Bat: Confused by porch light?

Discussion in 'Biology & Genetics' started by one_raven, Aug 17, 2007.

  1. one_raven God is a Chinese Whisper Valued Senior Member

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    13,406
    Something odd happened to me last night.
    I had taken a break from working and was sitting on my screened-in porch reading “The Amber Spyglass” (the third book in the “His Dark Materials” trilogy upon which the new “The Golden Compass” movie is based).
    This was about three in the morning.

    Anyway…
    As I was reading the book I heard something pretty heavy fly into the window about six feet away from me.
    I looked up and saw what looked like a large bat clinging to the screen outside.
    I got up to walk over to it, to get a better look, and it dropped off the screen as I got closer.
    I looked around a bit, through the window, but didn’t see anything, so I sat back down with my book.
    A few minutes later I heard the “bat” flapping around down by the bushes under the window, and beating its wings against the outside porch wall.
    I heard a high-pitched squeak, so I was pretty sure it was a bat at this point.
    It was moving along the wall towards the corner of the house away from me, as it kept beating its wings against the wall.
    It turned the corner, where the front door is, and kept beating and moving until it was beating on the front door and screeching.
    This bat seemed to be trying to get into the house – onto the porch I was reading on.
    It was the oddest thing.
    It beat on the front door for a good four or five minutes.
    I thought maybe it was confused somehow, by the lights – I had no idea – so I turned the porch light off and went to get a flashlight.
    When I got back the bat wasn’t making any more noise.
    I went outside with the flashlight and looked around, but saw nothing.
    I turned the porch light back on, and went back to finish my book, and it never came back.

    I think it was a bat.
    Is this odd behavior for bats?
    I recently moved to a new house, and where I used to live, you really wouldn't see bats any larger than palm-sized fruit bats, so I have little experience with them.
     
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  3. cosmictraveler Be kind to yourself always. Valued Senior Member

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    Perhaps it just wanted to read along with you and wanted to join you. It just couldn't adjust his landing in time.

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    Remember he was there before you.
     
    Last edited: Aug 17, 2007
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  5. allisone417 i'll be in my room Registered Senior Member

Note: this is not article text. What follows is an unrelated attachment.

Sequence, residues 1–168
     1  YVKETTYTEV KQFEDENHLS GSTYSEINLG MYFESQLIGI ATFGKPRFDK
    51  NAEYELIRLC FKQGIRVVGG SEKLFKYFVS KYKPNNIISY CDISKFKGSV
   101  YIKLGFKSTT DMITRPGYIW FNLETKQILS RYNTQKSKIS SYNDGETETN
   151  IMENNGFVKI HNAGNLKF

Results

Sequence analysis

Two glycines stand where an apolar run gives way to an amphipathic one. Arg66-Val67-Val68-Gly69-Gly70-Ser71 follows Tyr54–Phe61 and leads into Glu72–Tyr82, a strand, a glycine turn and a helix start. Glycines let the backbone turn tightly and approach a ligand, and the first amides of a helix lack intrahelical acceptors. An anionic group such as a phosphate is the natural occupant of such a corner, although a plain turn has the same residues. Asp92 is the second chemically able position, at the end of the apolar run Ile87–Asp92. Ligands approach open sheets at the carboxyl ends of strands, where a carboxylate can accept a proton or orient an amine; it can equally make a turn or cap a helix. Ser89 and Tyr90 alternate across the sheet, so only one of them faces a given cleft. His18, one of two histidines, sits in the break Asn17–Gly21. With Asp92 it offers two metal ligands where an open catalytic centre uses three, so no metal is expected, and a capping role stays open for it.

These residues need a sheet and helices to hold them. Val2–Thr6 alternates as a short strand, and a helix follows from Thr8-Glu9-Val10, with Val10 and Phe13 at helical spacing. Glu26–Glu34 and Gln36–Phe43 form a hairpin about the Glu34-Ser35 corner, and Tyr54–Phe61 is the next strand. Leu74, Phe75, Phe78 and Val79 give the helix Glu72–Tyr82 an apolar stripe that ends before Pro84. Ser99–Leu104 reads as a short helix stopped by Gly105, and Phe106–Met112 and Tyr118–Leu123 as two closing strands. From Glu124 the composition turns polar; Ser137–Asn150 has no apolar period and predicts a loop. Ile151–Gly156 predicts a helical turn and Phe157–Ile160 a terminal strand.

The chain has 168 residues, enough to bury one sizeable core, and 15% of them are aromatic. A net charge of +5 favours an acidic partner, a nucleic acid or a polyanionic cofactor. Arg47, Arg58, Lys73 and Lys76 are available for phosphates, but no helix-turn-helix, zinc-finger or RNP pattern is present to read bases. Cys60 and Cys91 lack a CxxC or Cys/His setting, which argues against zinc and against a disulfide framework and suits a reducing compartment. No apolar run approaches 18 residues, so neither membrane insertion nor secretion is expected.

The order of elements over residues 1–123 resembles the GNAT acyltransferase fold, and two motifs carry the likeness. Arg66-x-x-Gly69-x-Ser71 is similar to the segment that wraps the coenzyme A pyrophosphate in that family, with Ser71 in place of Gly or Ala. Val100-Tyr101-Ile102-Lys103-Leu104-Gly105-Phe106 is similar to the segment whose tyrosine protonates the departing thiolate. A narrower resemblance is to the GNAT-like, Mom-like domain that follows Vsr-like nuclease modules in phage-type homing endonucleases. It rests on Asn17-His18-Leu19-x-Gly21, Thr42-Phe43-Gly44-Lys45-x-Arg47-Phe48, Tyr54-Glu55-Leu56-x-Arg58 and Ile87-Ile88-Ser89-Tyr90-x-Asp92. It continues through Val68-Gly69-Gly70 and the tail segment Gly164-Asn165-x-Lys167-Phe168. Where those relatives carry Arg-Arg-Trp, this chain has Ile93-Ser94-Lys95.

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    So how are those books?

    Oh, and er...doesn't every artificial light mess with the systems of nocturnal creatures?
     
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  7. S.A.M. uniquely dreadful Valued Senior Member

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    I have seen bats who are attracted to lights at night because they feed on insects attracted to the lights. Could that be the reason, do you think?
     
  8. one_raven God is a Chinese Whisper Valued Senior Member

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    Possibly, but I wouldn't be so sure.
    Before people settled here it was nothing more than mounatins, a bunch of lakes and thick forest.
    People building barns and raising livestock could very well have been what the bats needed to thrive.
     
  9. one_raven God is a Chinese Whisper Valued Senior Member

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    Very good.
    There were a few things I was was a bit disappointed in, but overall very well written, and I highly recommend them.
    I got them as a gift from a friend of mine about 4 years ago, when we were discussing the concept of the book series I am working on, and I let her read a bit of it.
    She said she was reminded of these books.
    I put them on a shelf, not wanting to read them until after I finished my books, but when I saw the movie was coming out I wanted to read them before seeing it.

    I would assume it does, but the way he seemed to be frantic and trying to get into the house was the odd part to me.
     
  10. one_raven God is a Chinese Whisper Valued Senior Member

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    That sounds pretty reasonable.
     
  11. Orleander OH JOY!!!! Valued Senior Member